The Fall of the Noble Savage

Towards the beginning of the nineteenth century, existential Enlightenment ideas on indigenous nations were exchanged for a more biological understanding of human evolution. Furthermore, technological advancements and urban development of the nineteenth century oversaw the end of the Noble Savage - the idea that humans were corrupted by civilization - and replaced it instead with a more aggressive stance on what they saw as primitive, backward indigenous traditions. Thus, one form of scientific racism was replaced with another. When the Louisiana Purchase was made in 1803, there was little knowledge of the indigenous tribes of the region. Thus, when Lewis and Clark embarked on their expedition the next year, they were given specific directions to study the locations and customs of indigenous tribes of the Northwest. They brought with them biased views of the indigenous tribes they met along the way, and their accounts became instrumental in the development of the American image of the Native Indian as the Noble Savage.
History of the expedition under the command of Captains Lewis and Clark, to the sources of the Missouri thence across the Rocky mountains and down the river Columbia to the Pacific Ocean performed during the years 1804-5-6 by order of the government of th
Over the course of their expedition, Lewis and Clark made contact with at least 50 Native American tribes. But their approach to navigating the diverse ways of native life was not as detached and objective as ethnologists of the modern era would have liked; rather, they were more ethnographers, presenting detailed, yet partial and often blatantly biased observations. The expedition paved the way for the impending legal moves necessary for claiming western indigenous lands and the Doctrine of Discovery.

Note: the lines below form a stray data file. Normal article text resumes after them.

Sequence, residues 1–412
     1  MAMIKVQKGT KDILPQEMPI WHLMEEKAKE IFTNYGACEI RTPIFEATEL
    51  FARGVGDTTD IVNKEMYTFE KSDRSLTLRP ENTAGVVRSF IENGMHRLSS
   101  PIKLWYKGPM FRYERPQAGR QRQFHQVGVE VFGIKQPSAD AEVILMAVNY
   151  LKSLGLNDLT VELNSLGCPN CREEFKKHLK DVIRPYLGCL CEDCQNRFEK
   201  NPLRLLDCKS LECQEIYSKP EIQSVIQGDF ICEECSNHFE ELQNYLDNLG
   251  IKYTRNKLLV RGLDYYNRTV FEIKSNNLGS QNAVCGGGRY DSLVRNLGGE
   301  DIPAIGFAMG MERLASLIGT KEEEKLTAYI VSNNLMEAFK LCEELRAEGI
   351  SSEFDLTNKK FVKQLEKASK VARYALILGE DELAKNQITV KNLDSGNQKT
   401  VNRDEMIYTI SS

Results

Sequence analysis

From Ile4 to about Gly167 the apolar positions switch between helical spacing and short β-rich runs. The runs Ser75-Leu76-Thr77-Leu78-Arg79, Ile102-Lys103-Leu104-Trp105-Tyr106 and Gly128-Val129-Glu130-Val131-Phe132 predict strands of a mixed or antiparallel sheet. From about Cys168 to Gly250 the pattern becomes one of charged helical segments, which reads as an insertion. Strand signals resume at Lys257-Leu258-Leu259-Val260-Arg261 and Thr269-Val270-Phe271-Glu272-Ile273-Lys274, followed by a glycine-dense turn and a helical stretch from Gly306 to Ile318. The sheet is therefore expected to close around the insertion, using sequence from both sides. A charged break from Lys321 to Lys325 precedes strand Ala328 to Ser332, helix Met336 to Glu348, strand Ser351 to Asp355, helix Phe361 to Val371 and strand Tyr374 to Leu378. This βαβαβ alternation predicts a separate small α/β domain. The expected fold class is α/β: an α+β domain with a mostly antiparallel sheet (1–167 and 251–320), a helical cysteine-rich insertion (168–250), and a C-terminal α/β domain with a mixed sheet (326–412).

Bradford and Inskeep, Abraham H. Inskeep, Philadelphia, 1814
A New and Correct Map of the United States of North America; Exhibiting The Counties, Towns, Roads &c in each State. Carefully compiled from Surveys and the most Authentic Documents. By Samuel Lewis.
This map depicts the Western Frontier as a somewhat daunting line in the sand, calling attention to the great extent of land yet to be seized and settled.
Samuel Lewis and Emmor Kimber, Philadelphia, 1816
Map of the United States with the contiguous British & Spanish Possessions Compiled from the latest & best Authorities By John Melish Engraved by J. Vallance & H. S. Tanner. Entered according to Act of Congress the 6th day of June 1816. Published by John
The first map to show the entirety of the U.S. from coast to coast, this work plots the latest information from the Lewis and Clark expedition, including hundreds of western Native American settlements. The year before this map was published, the U.S. government formed the first Native reservation west of the Mississippi, marking the beginning of the forced migrations of the Cherokee from their lands in Georgia.
John Melish, J. Vallance, Henry Schenck Tanner, 1816